wedding photography

exposure metering: under-exposure / over-exposure vs exposing correctly

When I posted this photograph of Peiwen & Eric’s wedding in Melbourne, Australia, on Facebook, someone asked the question: how much did I over-expose this photo by?

We have to be very clear with our terminology regarding over-exposure and under-exposure. This photograph is not over-exposed. It is exposed correctly! Did my camera’s light-meter jump all the way to the right-hand side? Yes, it surely did. Does it matter? No, it does not. Why not? Because I exposed correctly. Not under, not over, but correctly.

This photograph (which is ambient light only), is exposed correctly … because my subject, the bride, is exposed correctly. This is a key concept – we have to expose correctly for our subjects. Even if you decide to turn your subject into a silhouette, the decision was still very specific about how you wanted to expose for your subject.

If you are a landscape photographer, then most likely your entire scene is your subject. If you are a portrait photographer, then invariably, your subject is what you need to expose for correctly.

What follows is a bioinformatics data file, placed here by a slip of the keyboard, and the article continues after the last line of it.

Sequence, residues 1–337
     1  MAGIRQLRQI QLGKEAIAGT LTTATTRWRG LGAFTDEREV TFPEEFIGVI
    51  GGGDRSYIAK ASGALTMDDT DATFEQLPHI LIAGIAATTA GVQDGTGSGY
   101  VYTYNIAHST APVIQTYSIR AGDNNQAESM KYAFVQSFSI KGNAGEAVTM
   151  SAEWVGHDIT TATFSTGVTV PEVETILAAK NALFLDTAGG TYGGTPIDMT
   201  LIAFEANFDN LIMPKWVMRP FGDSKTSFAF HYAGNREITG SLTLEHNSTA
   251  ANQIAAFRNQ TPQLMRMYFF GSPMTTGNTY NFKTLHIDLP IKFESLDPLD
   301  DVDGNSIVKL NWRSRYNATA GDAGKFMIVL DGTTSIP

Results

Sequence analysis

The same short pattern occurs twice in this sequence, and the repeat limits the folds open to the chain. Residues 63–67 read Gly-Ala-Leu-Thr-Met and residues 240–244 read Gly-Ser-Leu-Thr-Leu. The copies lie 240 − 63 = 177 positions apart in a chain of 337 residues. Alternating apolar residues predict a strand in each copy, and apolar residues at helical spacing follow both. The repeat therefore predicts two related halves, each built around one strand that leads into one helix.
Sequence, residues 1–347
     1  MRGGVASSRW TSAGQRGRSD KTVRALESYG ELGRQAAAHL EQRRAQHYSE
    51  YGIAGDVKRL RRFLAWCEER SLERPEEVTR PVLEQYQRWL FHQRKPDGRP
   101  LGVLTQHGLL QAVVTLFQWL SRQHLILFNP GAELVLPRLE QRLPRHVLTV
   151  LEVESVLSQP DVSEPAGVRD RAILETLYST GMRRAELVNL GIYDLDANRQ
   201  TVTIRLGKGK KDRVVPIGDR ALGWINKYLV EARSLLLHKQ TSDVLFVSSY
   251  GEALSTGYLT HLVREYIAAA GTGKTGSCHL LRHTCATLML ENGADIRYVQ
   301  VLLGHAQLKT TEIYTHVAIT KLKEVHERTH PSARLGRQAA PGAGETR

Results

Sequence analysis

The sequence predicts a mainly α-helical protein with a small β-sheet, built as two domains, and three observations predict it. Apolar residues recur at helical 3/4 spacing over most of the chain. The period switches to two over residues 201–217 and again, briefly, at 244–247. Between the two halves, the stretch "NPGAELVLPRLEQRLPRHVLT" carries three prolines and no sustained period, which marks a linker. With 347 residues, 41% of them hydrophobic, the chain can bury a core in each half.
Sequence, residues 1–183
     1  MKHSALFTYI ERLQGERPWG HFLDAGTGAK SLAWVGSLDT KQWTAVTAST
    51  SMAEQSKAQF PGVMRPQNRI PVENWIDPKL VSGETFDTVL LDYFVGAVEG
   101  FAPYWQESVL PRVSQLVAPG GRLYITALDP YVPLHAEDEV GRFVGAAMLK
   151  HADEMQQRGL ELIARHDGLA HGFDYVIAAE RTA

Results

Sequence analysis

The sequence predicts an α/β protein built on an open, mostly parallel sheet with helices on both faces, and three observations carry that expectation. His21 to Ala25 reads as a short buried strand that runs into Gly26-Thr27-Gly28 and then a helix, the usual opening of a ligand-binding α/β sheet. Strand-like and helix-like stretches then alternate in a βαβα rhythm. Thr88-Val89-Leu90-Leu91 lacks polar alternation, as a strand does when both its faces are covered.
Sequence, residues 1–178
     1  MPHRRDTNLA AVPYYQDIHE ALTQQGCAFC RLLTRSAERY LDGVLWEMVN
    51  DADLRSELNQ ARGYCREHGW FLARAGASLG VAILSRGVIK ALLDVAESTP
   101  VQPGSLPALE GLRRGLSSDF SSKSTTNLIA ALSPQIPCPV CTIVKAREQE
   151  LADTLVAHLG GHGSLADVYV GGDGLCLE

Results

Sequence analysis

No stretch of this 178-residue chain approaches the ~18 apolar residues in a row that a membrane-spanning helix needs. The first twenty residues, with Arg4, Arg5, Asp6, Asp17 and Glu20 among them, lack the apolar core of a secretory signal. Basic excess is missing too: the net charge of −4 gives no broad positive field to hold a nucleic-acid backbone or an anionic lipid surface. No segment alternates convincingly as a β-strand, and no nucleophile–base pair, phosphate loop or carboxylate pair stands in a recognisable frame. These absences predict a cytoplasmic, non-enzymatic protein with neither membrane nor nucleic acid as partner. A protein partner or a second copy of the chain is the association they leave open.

However, if you want to balance your subject which is shaded, in relation to a much brighter background, then you’re going to have to use additional lighting to expose correctly for your subject. But working with just the available light, you will invariably aim to expose correctly for your subject.

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bounce flash photography – adjusting the black foamie thing to be a snoot

During the day, as I photograph a wedding, I am continually mixing up the lighting, adapting and adjusting. It’s part of the process of giving my clients as much variety as possible, and also just being flexible in adapting to the demands of the various locations. It’s therefore a varied approach in using all kinds of light sources: off-camera flash, on-camera flash, video light and available light. It’s part of the fun, and part of the challenge of being a wedding photographer – thinking on your feet. Of course there’s extra pressure on you as photographer when you’re flown to Melbourne, Australia to photograph a wedding!